Friday, April 30, 2010
Manistee: Beaches, boutiques and bumming around in this port city
MANISTEE — Imagine Manistee -- a place where boutiques and the beautiful beaches of Lake Michigan are within walking distance of one another. Street musicians wander the sidewalks every Saturday in the summer. A farmers market sets up shop near a marina.
A barrier-free river walk takes people on a waterfront tour of the downtown shopping district. And every building in sight — from a combination wine shop and art gallery to an inn built as a bank in 1891 — is on the National Register of Historic Places.
“There’s a ‘hidden gem’ mentality to this place,” said Travis Alden, director of the Manistee Main Street and Downtown Development Authority.
Downtown Manistee is both quaint and lively during the summer.
Once known as the “Victorian Port City,” Manistee was a booming part of Michigan’s lumber era in the late 1800s, claiming more millionaires per capita than any other place in the state.
In recent years, the city of 6,500 year-round residents is better known for its splendid fishing; unparalleled access to inland lakes, rivers and the Big Lake; and, of course, the Little River Casino Resort just five miles down the road on U.S. 31.
“We’re glad the casino’s here. It brings people to this county that might not otherwise come,” Alden said, “but there’s more to Manistee than fishing and the casino.”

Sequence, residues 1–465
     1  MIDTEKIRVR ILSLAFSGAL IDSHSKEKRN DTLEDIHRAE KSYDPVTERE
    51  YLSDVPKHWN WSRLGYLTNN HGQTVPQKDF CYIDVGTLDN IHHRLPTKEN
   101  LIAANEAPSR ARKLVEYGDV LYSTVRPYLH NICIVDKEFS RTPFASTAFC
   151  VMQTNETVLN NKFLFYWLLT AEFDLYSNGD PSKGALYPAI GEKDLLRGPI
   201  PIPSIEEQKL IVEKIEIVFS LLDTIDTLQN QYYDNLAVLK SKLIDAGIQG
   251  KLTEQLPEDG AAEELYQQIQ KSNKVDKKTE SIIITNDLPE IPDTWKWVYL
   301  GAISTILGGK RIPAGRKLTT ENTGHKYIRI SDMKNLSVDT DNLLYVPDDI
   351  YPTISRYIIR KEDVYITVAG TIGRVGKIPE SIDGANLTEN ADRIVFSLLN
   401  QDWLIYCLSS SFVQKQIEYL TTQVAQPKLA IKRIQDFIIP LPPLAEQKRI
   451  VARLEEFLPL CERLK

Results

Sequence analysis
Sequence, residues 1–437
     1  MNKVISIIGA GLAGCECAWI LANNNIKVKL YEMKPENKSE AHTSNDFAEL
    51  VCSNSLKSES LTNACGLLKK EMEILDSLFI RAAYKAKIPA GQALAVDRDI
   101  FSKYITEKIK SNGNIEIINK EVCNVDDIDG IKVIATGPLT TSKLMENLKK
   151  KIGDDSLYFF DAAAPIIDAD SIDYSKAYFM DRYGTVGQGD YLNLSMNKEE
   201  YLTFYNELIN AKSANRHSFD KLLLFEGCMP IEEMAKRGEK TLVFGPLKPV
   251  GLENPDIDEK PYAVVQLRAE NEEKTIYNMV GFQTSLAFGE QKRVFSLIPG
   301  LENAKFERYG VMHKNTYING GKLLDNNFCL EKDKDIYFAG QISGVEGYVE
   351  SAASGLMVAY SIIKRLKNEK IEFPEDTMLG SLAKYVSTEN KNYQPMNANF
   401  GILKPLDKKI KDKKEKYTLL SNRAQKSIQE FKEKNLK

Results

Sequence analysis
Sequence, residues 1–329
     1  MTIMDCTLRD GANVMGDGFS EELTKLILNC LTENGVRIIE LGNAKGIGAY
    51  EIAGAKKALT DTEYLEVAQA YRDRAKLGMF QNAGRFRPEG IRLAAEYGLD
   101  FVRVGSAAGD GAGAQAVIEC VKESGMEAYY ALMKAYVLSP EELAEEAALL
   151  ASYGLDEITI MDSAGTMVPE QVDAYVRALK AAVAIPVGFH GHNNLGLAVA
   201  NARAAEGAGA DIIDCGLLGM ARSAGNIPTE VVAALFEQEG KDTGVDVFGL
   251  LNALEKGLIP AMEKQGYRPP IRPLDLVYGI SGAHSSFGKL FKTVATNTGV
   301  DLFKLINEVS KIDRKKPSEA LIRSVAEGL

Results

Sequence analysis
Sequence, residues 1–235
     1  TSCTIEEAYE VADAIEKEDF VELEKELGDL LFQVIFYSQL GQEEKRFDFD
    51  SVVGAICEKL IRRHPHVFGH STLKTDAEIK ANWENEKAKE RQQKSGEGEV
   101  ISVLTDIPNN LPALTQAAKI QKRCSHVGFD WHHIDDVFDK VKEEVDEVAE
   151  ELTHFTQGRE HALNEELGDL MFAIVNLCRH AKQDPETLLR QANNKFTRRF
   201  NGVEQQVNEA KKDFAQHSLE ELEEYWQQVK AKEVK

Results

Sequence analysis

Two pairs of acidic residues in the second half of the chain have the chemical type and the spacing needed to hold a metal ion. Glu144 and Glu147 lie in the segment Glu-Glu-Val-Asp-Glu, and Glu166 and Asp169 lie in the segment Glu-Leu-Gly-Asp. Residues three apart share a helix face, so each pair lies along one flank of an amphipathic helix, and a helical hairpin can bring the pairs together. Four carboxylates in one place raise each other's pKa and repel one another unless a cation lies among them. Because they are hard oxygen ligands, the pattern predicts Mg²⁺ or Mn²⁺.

There’s River Street: Manistee’s main downtown corridor that stretches from U.S. 31 to the shores of Lake Michigan. It’s enjoying a renaissance of its own, a revitalization that’s drawing not just tourists, but people who are learning to see their hometown through new eyes.
“I love being an ambassador for Manistee,” said Jennie Marie Naffie, editor and publisher of the Women’s LifeStyle Northshore magazine that has a circulation from Muskegon north to Manistee. “As a kid, I think I took it for granted.”
Now a resident of Muskegon, Naffie returns to her hometown of Manistee regularly on business.
While there, she makes a point of shopping at its cluster of women-owned and operated businesses, including The Ideal Kitchen, Surroundings Candle Factory & Fine Cigars and Moving Spirit-Lloyd Henry’s Great Wine and Great Art — all on the same block on the west end of River Street.
“There’s a local touch to downtown that you don’t see other places. There’s no ‘big box store’ feel to the downtown. It’s just really special,” Naffie said.
Draw for business
That’s what drew Shelley Doyen to River Street to open Ideal Kitchen, a full-service gourmet kitchen shop, four years ago.
“I fell in love with downtown, all the unique shops ... all the possibilities,” Doyen said.
Few shops are more unique than her next-door neighbor, Surroundings Candle Factory & Fine Cigars, with its walk-in humidor and smoking lounge where people who enjoy cigars will be still able to indulge in a fine smoke even after the May 1 no-smoking law goes into effect in Michigan.
“Well, we’ve got something you’re not going to see everywhere,” said Karen Carlson, who owns the store with her husband, Oscar Carlson.
Just like at Moving Spirit, a one-of-a-kind business that is a wine shop and an art gallery that sells the work of local artists. But the true star is the building itself with its original zinc ceiling and other historical elements from the 1800s, said store manager Theresa Burke. Burke said the family atmosphere is another reason to visit the area.
While mom shops, the kids can enjoy themselves on the beaches of Lake Michigan — just a few minutes away on foot, less than that by bike or car. Dad can fish, dock a boat at the marina, enjoy a cool one at any number of pubs along the way, some of which have outdoor decks overlooking the Manistee River and river walk.